Reliability of X-rays and bone scans for the assessment of changes in skeletal metastases from breast cancer

Authors: Shackleton, M.1; Yuen, K.2; Little, A. F.3; Schlicht, S.3; Mclachlan, S.-A.4

Source: Internal Medicine Journal, Volume 34, Number 11, November 2004 , pp. 615-620(6)

Publisher: Wiley-Blackwell

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Abstract:

Abstract Aims: 

To examine the level of agreement among observers regarding changes between serial images of bone metastases. Methods: 

Thirty-five pairs of bone X-rays and 30 pairs of bone scans were selected from the files of patients with breast cancer involving the skeleton. All images in a pair were of the same site and had been taken at least 12 weeks apart. Thirteen radiologists and 14 nuclear medicine physicians examined the X-ray and bone scan pairs, respectively. Each assessed whether the changes between sequential films represented improvement, stability or worsening. Inter-observer agreement was analysed using the kappa statistic (κ). Results: 

There was only fair overall agreement among radiologists regarding changes between X-rays (κ = 0.23), but there was substantial agreement among nuclear medicine physicians for bone scan assessments (κ = 0.62). Neither the experience of the observers nor the time between images had a significant effect on agreement. For X-rays, agreement was poorer if the response category was ‘improvement’ and if the type of bone lesion was mixed lytic/sclerotic. Conclusions:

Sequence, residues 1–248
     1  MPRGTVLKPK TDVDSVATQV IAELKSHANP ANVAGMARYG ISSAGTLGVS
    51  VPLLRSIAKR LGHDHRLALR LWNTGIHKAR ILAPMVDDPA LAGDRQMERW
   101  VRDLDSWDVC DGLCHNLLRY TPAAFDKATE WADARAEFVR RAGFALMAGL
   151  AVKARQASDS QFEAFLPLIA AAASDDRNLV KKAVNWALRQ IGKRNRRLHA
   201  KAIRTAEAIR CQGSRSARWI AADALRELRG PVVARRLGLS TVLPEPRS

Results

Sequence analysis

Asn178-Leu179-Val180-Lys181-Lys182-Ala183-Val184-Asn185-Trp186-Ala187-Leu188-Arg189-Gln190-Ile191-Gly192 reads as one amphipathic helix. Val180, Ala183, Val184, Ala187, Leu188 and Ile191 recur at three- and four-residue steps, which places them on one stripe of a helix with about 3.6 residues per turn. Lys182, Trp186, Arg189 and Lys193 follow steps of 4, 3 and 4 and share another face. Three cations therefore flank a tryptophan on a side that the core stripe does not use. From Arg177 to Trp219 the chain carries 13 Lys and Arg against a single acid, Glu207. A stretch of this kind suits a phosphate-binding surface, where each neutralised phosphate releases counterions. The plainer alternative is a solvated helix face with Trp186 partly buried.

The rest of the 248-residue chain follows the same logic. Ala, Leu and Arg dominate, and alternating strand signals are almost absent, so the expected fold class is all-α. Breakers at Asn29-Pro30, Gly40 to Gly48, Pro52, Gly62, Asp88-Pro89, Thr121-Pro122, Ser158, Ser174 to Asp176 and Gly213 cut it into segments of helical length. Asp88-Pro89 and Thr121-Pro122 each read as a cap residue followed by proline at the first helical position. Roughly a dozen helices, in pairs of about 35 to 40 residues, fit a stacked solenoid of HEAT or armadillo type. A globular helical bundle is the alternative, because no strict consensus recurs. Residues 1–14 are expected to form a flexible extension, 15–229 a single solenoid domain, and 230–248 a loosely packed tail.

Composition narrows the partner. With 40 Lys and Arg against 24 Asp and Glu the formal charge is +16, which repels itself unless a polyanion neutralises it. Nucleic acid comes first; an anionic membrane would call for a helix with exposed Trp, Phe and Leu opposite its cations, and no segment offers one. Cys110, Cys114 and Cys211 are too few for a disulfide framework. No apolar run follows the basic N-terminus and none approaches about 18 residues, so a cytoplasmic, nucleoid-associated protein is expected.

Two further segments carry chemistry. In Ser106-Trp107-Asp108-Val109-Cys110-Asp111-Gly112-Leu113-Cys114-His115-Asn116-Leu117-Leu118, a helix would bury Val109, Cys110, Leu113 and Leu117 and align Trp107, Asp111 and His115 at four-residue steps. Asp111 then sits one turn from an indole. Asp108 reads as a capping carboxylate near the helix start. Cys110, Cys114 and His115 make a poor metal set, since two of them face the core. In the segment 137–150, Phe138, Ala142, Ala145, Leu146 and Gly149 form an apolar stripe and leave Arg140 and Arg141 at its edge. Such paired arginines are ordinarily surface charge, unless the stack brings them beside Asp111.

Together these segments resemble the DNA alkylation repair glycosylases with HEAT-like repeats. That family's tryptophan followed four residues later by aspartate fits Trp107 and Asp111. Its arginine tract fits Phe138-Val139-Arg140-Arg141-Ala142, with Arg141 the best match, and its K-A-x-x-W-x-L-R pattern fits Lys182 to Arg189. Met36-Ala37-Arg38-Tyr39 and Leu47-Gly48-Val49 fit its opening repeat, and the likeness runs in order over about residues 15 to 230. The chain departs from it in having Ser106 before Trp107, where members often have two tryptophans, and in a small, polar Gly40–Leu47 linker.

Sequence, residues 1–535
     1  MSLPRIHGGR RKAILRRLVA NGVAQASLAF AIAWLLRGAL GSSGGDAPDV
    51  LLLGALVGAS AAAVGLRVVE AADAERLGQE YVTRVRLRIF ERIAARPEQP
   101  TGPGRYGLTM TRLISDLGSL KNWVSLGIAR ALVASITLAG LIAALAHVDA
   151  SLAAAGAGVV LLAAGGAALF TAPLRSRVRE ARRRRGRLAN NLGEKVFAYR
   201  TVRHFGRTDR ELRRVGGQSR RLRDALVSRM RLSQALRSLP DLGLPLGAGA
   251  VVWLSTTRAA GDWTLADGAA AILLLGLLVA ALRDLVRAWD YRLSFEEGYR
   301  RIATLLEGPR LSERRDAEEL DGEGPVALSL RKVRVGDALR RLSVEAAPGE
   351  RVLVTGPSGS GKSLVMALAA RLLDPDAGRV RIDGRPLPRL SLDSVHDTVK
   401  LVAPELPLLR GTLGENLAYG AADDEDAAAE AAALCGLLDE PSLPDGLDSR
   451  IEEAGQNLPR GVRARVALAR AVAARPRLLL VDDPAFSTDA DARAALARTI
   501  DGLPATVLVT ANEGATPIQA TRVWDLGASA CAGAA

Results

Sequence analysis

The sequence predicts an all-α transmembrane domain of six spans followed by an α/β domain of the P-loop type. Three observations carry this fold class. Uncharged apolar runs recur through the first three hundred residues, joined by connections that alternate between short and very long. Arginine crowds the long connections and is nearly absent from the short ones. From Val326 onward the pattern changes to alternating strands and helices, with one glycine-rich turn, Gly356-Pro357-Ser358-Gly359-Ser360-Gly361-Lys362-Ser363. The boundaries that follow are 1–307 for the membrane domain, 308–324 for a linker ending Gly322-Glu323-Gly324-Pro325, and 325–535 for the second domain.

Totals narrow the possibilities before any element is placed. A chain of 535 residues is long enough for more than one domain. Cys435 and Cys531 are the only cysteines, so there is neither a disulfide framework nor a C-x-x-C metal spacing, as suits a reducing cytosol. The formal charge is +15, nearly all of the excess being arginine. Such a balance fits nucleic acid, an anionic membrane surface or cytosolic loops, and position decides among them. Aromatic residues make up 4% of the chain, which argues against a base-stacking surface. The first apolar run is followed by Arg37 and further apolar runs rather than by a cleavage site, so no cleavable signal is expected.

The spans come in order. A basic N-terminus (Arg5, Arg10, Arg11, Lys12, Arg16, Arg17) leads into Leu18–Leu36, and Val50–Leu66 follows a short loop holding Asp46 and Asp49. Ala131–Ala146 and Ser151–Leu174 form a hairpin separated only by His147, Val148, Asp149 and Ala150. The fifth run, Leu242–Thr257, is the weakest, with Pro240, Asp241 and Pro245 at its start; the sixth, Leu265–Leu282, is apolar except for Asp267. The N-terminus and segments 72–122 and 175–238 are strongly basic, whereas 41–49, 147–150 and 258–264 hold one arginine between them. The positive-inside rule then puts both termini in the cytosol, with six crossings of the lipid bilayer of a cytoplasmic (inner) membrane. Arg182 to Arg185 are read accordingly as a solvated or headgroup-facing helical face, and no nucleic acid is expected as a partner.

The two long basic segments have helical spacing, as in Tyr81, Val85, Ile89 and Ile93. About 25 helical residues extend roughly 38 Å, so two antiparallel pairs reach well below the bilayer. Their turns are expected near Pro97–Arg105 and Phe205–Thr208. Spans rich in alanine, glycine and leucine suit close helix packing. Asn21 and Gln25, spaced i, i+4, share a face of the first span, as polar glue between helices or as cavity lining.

Evaluation of serial X-rays is unreliable for determining the response of bone metastases. Scintigraphic evaluation has a higher internal validity for the determination of response, but it should not be used in isolation from other clinical data. (Intern Med J 2004; 34: 615−620)

Keywords: X-ray; bone; breast neoplasm; observer variation; radionuclide imaging

Document Type: Research Article

DOI: http://dx.doi.org/10.1111/j.1445-5994.2004.00637.x

Affiliations: 1: Walter and Eliza Hall Institute of Medical Research, 2: Statistical Centre, Peter MacCallum Cancer Centre and Departments of 3: Medical Imaging and 4: Oncology, St. Vincent's Hospital, Melbourne, Victoria, Australia

Publication date: November 1, 2004

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